Subjectivity

2 04 2010

Today, I randomly pulled up some well-respected novels on Amazon.com and checked out one-star reviews. Here’s a few samples:

“How the hell can anyone consider this a great novel? It addresses no deep themes, has no dramatic tension
and no moving or even likable characters.” – john smithers “smithersj” on Lolita by Nabokov

“…reading this book was one of the most painful literary experiences I have ever endured.” – A Customer on The Left Hand of Darkness by Le Guin

“This book was very dull and boring. I was made to read it in English and I soon realized not far in that it was very boring. It’s not a good book for highschool readers. It is written in very dull and boring text.” – “imherein85” on Great Expectations by Dickens (I guess he thought it was boring, what do you think?)

“…one of the most boring books ever.” – Heidi on Lord of the Flies by Golding

“Possibly the dullest book I’ve ever read…” – Stratman “Stratman” on Lord of the Rings by Tolkein

“…one of the most pathetic, self-absorbent pieces of writing ever published.” – A Customer on The Bell Jar by Plath

Most of the books above are well-respected or even considered “classics.” Many of them are often taught in schools. Yet, there are people out there who do not like them. Believe it or not, some of these people even have valid, well articulated, and credible criticisms of the books in question.

Right or wrong, many current popular novels and novelists are often blasted by snotty literati amateurs and the Harold Bloom wannabes. (See: http://southernweirdo.livejournal.com/81934.html)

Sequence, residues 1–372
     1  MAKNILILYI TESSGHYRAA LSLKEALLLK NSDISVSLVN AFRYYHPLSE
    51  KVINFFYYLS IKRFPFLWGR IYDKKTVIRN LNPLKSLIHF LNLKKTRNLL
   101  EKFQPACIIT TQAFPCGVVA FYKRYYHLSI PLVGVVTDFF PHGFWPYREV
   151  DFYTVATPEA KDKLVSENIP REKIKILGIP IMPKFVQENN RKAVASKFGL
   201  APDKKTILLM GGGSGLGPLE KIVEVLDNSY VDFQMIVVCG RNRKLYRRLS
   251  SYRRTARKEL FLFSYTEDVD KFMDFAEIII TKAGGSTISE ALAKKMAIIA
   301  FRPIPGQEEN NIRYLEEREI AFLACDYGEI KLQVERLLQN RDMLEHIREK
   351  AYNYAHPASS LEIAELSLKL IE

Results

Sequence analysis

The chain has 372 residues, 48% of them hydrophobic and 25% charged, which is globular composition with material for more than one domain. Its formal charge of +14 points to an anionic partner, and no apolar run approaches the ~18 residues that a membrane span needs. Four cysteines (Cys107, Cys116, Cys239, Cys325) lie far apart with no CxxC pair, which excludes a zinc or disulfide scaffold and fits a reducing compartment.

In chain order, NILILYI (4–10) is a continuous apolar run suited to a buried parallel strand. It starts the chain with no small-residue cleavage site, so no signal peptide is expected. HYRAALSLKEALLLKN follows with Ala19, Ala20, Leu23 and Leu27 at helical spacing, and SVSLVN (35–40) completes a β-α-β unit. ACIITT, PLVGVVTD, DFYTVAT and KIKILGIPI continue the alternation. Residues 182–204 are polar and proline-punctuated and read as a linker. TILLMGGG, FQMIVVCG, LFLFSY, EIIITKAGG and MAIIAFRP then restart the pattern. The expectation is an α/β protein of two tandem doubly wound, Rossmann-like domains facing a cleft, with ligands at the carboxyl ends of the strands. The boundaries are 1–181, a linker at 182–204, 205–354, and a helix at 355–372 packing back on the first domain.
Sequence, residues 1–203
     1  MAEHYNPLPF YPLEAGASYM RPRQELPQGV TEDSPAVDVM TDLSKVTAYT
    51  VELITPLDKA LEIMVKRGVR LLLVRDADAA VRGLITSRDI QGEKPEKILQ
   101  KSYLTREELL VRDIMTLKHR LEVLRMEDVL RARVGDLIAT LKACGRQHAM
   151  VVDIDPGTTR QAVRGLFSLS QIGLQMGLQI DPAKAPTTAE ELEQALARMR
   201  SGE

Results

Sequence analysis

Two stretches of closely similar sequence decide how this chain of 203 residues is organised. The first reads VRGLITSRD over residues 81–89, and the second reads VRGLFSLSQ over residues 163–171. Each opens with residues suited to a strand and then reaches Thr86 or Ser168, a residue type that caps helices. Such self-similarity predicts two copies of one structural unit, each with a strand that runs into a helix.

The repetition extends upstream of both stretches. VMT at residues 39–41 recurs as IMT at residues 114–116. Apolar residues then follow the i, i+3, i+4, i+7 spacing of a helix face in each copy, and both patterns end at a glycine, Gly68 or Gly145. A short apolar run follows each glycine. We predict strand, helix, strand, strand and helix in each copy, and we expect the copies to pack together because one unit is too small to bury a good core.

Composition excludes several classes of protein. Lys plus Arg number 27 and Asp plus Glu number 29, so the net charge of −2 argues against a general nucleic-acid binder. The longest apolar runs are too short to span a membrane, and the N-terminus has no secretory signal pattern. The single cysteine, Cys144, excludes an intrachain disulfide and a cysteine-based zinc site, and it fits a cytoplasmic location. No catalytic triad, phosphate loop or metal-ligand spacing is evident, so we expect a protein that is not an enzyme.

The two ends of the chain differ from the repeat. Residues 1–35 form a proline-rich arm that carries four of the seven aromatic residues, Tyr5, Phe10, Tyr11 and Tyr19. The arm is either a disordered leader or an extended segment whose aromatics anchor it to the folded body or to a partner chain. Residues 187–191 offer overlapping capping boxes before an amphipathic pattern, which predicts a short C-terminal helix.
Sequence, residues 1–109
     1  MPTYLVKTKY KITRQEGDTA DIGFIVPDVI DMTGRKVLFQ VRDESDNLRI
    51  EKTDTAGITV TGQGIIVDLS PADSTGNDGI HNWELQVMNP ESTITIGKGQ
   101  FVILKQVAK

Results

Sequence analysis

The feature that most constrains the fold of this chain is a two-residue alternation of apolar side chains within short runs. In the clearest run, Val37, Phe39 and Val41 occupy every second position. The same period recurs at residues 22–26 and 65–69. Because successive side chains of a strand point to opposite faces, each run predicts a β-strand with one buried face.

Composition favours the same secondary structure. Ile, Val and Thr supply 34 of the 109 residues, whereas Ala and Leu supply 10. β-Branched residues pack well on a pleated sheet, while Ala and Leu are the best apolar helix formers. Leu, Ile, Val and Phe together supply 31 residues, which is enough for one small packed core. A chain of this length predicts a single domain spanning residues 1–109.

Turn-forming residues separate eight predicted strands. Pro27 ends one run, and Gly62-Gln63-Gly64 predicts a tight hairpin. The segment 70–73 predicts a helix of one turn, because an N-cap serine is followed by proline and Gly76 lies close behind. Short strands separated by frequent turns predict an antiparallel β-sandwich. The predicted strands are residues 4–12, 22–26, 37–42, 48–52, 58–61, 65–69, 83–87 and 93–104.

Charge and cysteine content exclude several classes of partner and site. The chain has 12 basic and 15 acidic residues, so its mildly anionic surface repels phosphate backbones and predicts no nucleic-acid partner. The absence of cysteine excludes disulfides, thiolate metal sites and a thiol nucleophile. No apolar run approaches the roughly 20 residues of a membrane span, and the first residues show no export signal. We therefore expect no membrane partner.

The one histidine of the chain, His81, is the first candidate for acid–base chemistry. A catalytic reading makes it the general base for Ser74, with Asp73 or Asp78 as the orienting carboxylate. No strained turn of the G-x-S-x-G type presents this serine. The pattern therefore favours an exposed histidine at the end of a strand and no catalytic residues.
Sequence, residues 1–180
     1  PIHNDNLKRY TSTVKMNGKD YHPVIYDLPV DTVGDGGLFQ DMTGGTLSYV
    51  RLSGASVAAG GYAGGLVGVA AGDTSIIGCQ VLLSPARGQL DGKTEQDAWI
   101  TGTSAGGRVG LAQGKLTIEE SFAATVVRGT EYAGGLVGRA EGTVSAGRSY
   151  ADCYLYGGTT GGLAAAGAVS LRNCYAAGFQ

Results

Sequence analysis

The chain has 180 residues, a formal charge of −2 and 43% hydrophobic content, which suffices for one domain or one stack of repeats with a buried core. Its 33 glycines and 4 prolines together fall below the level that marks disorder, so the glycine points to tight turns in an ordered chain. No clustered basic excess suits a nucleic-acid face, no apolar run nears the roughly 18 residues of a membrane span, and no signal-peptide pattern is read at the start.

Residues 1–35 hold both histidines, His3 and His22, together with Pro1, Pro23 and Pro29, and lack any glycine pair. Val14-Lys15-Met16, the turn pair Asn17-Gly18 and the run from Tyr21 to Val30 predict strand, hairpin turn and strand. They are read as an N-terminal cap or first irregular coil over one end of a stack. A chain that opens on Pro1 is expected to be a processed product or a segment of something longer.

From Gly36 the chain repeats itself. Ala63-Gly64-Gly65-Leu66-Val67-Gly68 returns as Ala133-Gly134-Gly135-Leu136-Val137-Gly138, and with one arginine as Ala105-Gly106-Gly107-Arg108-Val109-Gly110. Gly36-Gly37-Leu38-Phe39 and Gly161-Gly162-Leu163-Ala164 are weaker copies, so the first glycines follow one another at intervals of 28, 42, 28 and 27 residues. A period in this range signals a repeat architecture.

In the end, these things are always subjective. There is no such thing as an ‘absolute’ when it comes to a book being good or bad (except, perhaps, in those situations where the writer does not have even the most rudimentary understanding of basic sentence structure, spelling, or cohesive narrative). For example, I disliked The Mote in God’s Eyes, it did not suit my taste, but many SF fans I know consider it “The” classic first contact novel.

So next time you get a bad review or an editor rejects a story, keep this in mind and keep plugging away. If you really want to write, you can’t worry about pleasing everyone, just try to please yourself by writing the best book you can. When you get a bad review or rejection (http://www.npr.org/templates/story/story.php?storyId=14453550), keep in mind that you’re in pretty good company.

Happy Writing!

Advertisements

Actions

Information

One response

2 04 2010
Barry Napier

Good advice. And the reasons you just mentioned above are why I rarely leave reviews. It’s just my 2 cents and I wouldn’t want someone’s decision to BUY or NOT BUY a book to be based on it even loosely.

Leave a Reply

Fill in your details below or click an icon to log in:

WordPress.com Logo

You are commenting using your WordPress.com account. Log Out / Change )

Twitter picture

You are commenting using your Twitter account. Log Out / Change )

Facebook photo

You are commenting using your Facebook account. Log Out / Change )

Google+ photo

You are commenting using your Google+ account. Log Out / Change )

Connecting to %s




%d bloggers like this: